Share Facebook
Crohn's Disease Forum » Books, Multimedia, Research & News » Emulsifiers Detergents and IBD


01-20-2013, 08:52 PM   #1
mf15
Senior Member
 
Join Date: Jun 2012
Location: Pennsylvania
Emulsifiers Detergents and IBD

I don't believe I posted this in the past on this forum. But reading post #98
in the Etiology thread remined me of this info.


While many of these emulsifiers/surfactants,detergents were not around prior to 1920, nor used in food, there was at least one used early on, lecithin,and yes it will make it part way though the digestive process. Yes it is in eggs and soy. Lecithin from soy was first used in food early 1920's but perhaps just in europe,still trying to track history on this.
I have been looking into this for years,even tried to ingest low surfactant diet,but the stuff is everywhere,your clothes,residue on dishes,toothpaste.
Will do more searching on early use of surfactants.
Better living through chemistry may be killing us.
Yes I know that the PC would be destroyed by lipase in the small intestine,and that PC contributes to the hydrophobic nature of the colon mucus layer. Other possibles are a change in the emulsification properties of bile acids.

Old Mike



https://docs.google.com/viewer?a=v&q...-oSl1NF-pi0qnA





This one is real good. Its really all about the mucus barrier.

http://www.charite.de/arbmkl/themen/...olensascha.pdf

http://www.ncbi.nlm.nih.gov/pmc/arti...00050-0131.pdf

http://www.charite.de/arbmkl/publikationen/2009cmc.pdf

Synthetic detergents almost fits.
http://www.cleaninginstitute.org/cle...history_3.aspx

Mucus viscosity gradient.
http://www.charite.de/arbmkl/publika...7viscosity.pdf

http://www.drbozo.com/library/1767.pdf

http://www.pnas.org/content/108/suppl.1/4659.full.pdf

DMSO
http://ajpgi.physiology.org/content/....2012.abstract

Postiong interesting stuff I find.
http://www.ncbi.nlm.nih.gov/pubmed/2156646

Mucinase activity.
http://www.ncbi.nlm.nih.gov/pmc/articles/PMC1382769/

Theronine restriction.
http://jn.nutrition.org/content/135/3/486.full

amino acids
http://www.ncbi.nlm.nih.gov/pubmed/16702321
http://jn.nutrition.org/content/136/6/1558.full.pdf

Nano particles
http://pubs.acs.org/doi/abs/10.1021/mp100242r

Mucus is degradded first in DDS colitis then the bacteria can get in.
http://www.ncbi.nlm.nih.gov/pubmed/20805871

Cheese whey.
http://download.journals.elsevierhea...0210001098.pdf

http://jn.nutrition.org/content/135/3/486.full

http://jn.nutrition.org/content/139/4/720.full.pdf

http://www.ncbi.nlm.nih.gov/pubmed/22168406

http://www.ncbi.nlm.nih.gov/pubmed/21430244

http://www.jacn.org/content/26/6/713S.long

http://www.altmedrev.com/publications/9/2/136.pdf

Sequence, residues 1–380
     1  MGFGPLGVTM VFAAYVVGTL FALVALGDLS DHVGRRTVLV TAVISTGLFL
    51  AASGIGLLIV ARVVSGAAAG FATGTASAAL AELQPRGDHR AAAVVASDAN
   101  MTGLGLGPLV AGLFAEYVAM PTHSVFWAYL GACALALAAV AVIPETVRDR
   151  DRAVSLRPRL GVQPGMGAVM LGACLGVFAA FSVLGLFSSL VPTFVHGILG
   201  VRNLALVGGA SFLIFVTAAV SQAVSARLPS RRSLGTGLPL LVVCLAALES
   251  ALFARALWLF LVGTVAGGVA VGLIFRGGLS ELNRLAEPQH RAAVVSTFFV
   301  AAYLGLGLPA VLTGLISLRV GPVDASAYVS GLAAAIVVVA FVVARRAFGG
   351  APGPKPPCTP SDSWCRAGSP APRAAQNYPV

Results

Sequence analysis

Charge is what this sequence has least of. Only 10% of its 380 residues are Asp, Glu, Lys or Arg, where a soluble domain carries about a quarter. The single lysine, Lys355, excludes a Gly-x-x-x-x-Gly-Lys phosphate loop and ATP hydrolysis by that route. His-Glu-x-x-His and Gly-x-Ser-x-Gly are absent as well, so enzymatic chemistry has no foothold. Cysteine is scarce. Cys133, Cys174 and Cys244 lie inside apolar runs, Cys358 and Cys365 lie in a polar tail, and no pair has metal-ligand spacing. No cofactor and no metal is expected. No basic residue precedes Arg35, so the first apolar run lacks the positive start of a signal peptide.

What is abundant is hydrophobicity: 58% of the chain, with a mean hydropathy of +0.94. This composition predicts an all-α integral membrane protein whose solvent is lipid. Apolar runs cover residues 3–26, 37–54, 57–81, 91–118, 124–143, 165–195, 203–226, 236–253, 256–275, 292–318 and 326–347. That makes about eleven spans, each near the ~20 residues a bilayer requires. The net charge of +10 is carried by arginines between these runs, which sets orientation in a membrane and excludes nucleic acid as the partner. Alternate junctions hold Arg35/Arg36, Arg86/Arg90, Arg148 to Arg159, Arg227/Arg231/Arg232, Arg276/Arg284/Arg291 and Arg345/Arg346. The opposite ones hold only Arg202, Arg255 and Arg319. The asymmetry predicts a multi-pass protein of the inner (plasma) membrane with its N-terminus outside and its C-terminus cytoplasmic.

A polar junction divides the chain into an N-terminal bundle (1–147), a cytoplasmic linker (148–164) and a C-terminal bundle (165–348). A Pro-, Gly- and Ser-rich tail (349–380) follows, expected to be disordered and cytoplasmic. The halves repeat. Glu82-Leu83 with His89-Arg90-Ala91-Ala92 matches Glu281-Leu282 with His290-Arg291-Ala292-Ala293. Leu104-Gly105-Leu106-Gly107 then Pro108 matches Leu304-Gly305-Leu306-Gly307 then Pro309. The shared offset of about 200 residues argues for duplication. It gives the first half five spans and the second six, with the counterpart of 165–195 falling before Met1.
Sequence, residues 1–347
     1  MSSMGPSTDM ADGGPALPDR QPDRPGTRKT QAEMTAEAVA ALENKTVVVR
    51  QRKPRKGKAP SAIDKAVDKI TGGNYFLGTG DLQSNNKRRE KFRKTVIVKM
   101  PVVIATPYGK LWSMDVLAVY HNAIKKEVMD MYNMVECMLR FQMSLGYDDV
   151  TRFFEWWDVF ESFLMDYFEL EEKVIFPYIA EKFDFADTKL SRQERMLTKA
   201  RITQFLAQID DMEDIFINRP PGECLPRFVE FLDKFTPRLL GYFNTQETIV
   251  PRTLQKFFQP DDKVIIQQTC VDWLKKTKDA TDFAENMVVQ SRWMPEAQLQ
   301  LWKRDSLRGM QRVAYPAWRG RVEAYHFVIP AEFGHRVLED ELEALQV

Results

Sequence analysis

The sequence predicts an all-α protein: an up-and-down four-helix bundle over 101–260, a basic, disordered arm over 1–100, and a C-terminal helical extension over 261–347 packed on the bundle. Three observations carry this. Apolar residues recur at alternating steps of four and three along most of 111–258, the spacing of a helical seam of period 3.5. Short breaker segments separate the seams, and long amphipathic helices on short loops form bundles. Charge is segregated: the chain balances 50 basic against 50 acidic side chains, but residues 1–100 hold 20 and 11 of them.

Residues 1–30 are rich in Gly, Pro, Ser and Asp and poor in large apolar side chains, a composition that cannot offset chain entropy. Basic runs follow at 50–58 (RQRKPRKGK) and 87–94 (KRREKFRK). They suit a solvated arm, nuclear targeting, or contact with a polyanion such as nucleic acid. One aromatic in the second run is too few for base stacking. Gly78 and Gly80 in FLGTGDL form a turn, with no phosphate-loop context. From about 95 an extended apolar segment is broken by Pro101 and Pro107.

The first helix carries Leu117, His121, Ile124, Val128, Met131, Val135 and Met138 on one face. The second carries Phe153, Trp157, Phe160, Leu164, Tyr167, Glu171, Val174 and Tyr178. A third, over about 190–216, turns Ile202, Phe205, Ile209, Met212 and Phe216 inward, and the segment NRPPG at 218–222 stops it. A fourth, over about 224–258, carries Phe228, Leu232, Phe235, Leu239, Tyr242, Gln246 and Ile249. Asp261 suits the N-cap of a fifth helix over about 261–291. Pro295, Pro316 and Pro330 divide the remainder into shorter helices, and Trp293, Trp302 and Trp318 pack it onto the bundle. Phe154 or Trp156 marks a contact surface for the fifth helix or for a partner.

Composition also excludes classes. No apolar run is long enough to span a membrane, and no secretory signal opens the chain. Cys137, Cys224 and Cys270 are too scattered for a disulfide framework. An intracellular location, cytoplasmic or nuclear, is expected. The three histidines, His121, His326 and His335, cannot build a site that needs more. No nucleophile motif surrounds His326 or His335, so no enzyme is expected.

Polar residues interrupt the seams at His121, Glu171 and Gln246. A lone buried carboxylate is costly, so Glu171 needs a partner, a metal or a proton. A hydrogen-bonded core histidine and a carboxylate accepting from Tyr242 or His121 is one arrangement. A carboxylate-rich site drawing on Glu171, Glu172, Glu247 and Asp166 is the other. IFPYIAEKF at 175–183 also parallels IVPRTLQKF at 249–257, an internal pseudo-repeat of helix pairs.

Last edited by mf15; 01-21-2013 at 02:17 PM.
01-21-2013, 12:21 AM   #2
kiny
Senior Member
 
kiny's Avatar
 
Join Date: Apr 2011
thanks for all that work you put into it, I will read them but it will take a while lol
01-21-2013, 12:48 AM   #3
wildbill_52280
Senior Member
 
Join Date: Sep 2009
i actually just read this article last night and believe it is one of the greatest studies on ibd ever done.
http://www.charite.de/arbmkl/themen/...olensascha.pdf

the reason i believe it is so great is because it highlights the insignificance of a genetic risks in autophagy and intracellular bacterial genes, these genes are unimportant because the bacteria cannot touch the mucosa without getting past the mucus barrier. it partially answers the question, how the hell are bacteria getting into these cells?

what a coincidence.
01-21-2013, 12:56 AM   #4
Xiaofa Qin
Senior Member
 
Join Date: Jul 2012
Location: New Jersey
Thanks for sharing these interesting articles.
01-21-2013, 02:14 AM   #5
kiny
Senior Member
 
kiny's Avatar
 
Join Date: Apr 2011
This one is real good. Its really all about the mucus barrier.

http://www.charite.de/arbmkl/themen/...olensascha.pdf
He says somewhere around the end that mesalazine supressed biofilm formation, I never heard about this though.

He says antibiotics stop working because you get resistance and the mucus layer won't be repaired and you'll just get bacteria invading the mucus layer again and again.

In some people with crohn's disease the mucus layer is repaired though, and they get crohn again after a while, even if they put them on EN.

Maybe mucosal breach is just a secondary or last step event like some suggest, and it's transmural. Lymphangitis is seen in crohn's disease, it's inflammation of the deeper lymphatic system.

The hygiene theory he talks about would shape people's adaptive immune system early in life, but it takes only a couple of years for adults who come from India to the West to get a higher incidence of crohn's disease.

I don't know why everyone isn't put on EN for crohn's disease immediately, it would limit detergents he talks about and add-ons in food and whatever else immediately.

Last edited by kiny; 01-21-2013 at 02:35 AM.
01-21-2013, 05:18 PM   #6
mf15
Senior Member
 
Join Date: Jun 2012
Location: Pennsylvania
I have aded a bunch more studies.
My basic take which I came to years ago when these papers first came out is that
with an intact mucus barrier the bacteria cannot get to the gut surface/immune cells,